Response #3: “Innocent until proven guilty.”

Examples: (1) “I guess when it comes to rape you’re guilty until proven innocent??” (2) “Innocent until proven guilty. Need all the cold hard evidence and then I can make a judgment”

While it’s true that people are “innocent until proven guilty,” this statement is dismissive. In a world where victim blaming is rampant, it’s important that we work to create an environment in which survivors feel comfortable and are supported. Take a moment and reflect, “Is ‘innocent until proven guilty’ really the most constructive response?” Energy would be better placed in holding space for survivors while allowing for due process to take place in the judicial system.

Additionally, it’s important to note that the vast majority of perpetrators will not go to jail or prison. In fact, RAAIN reports that “perpetrators of sexual violence are less likely to go to jail or prison than other criminals.” This occurs for a number of reasons including survivors not reporting cases of sexual violence due to fear of retaliation, social stigmatization and rejection, slut shaming, revictimization and retraumatization, and even costs associated with legal proceedings.

Finally, it is worth mentioning that the justice system is flawed, and riddled with personal interest, race implications, and politics. Have we already forgotten what we learned in the cases of Brock Turner, Bill Cosby, etc? Not to mention, the bureaucratic process itself has its flaws such as the DNA backlog.

Response #4: “This could be a false accusation.”

Examples: (1) “Bunch of gossip. And girls wanting attention.” (2) “Allegations don’t mean truth.”

We’ve seen this response all over the internet. We’ve also seen many of our community members step up and reply that false accusations are incredibly rare which is true. It’s also true that false rape accusations almost never have serious legal consequences. Furthermore, have you ever stopped to think, “what kind of person makes false rape accusations?” We encourage you to learn more about the details of false accusations that do occur.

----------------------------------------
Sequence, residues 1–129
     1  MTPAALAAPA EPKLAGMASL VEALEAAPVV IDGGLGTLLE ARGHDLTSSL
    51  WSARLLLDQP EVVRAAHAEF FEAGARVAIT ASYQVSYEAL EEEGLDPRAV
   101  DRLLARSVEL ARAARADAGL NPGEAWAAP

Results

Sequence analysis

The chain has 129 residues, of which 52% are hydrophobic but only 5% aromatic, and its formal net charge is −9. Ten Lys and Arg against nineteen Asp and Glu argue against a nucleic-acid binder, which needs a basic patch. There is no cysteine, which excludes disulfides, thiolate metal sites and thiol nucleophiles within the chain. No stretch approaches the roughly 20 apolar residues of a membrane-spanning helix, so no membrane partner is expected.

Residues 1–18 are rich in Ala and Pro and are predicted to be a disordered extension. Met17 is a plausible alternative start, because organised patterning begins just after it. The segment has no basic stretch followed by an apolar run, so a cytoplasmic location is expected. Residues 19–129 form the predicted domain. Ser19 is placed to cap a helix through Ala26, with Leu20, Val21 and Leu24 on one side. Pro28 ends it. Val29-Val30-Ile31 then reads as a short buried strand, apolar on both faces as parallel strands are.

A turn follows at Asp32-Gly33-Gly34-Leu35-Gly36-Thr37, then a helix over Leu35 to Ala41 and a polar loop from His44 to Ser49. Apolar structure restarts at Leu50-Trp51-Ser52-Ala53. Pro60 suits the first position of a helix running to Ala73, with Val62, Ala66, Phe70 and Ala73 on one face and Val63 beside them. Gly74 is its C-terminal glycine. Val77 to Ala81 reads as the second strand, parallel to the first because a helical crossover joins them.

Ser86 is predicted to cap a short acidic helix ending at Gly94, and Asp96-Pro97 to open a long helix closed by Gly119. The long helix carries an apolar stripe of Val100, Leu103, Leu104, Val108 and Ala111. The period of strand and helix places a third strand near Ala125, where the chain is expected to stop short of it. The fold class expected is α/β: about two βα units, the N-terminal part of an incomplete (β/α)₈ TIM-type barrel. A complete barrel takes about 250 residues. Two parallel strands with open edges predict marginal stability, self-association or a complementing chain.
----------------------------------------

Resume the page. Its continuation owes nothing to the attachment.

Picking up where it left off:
For example, did you know that “when one looks at a series of fabricated sexual assaults […] patterns immediately begin to emerge? The most striking of these is that, almost invariably, adult false accusers who persist in pursuing charges have a previous history of bizarre fabrications or criminal fraud.” Their motivations are oftentimes related to personal gain, mental illness, revenge, or a need for an alibi. It is detrimental for survivors to be labeled as false accusers, as these two groups are not the same and share distinctly different characteristics.

All in all, we get it, it’s tough to hear that someone you look up to or admire has been accused of sexual violence. However, this should not be used as a reason to perpetuate rape culture within our community. We are all a part of something much bigger, and the EDM communities are special places to gather, connect, transcend, and radically express oneself around others free of judgment. People find electronic music and its spaces to be familial, safe places to let their guard down and dance, trusting that the strangers around them will play a part in the magic of the night. We all owe it to each other to continue cultivating safe places for EDM fans to enjoy music and each other’s company.

Now, more than ever, it’s time to educate ourselves regarding the topics of rape culture and its relationship to sexual violence, what we can do to prevent it, and what we can do if it happens to us or a friend. While it’s true the only person responsible for committing sexual violence is a perpetrator, we all have the ability to look out for each other’s safety.

Again, we encourage everyone in our community to recognize this as an invitation to be better in both language and in action.This short response is just the tip of the iceberg and not our final word on the topic. Rather, this is just the beginning as we prepare to launch #WeLoveConsent, a program which seeks to help dismantle rape culture and build a consent culture within the electronic music and nightlife communities. We hope you all will join us in these efforts to bring about real and meaningful change within our community.

Share This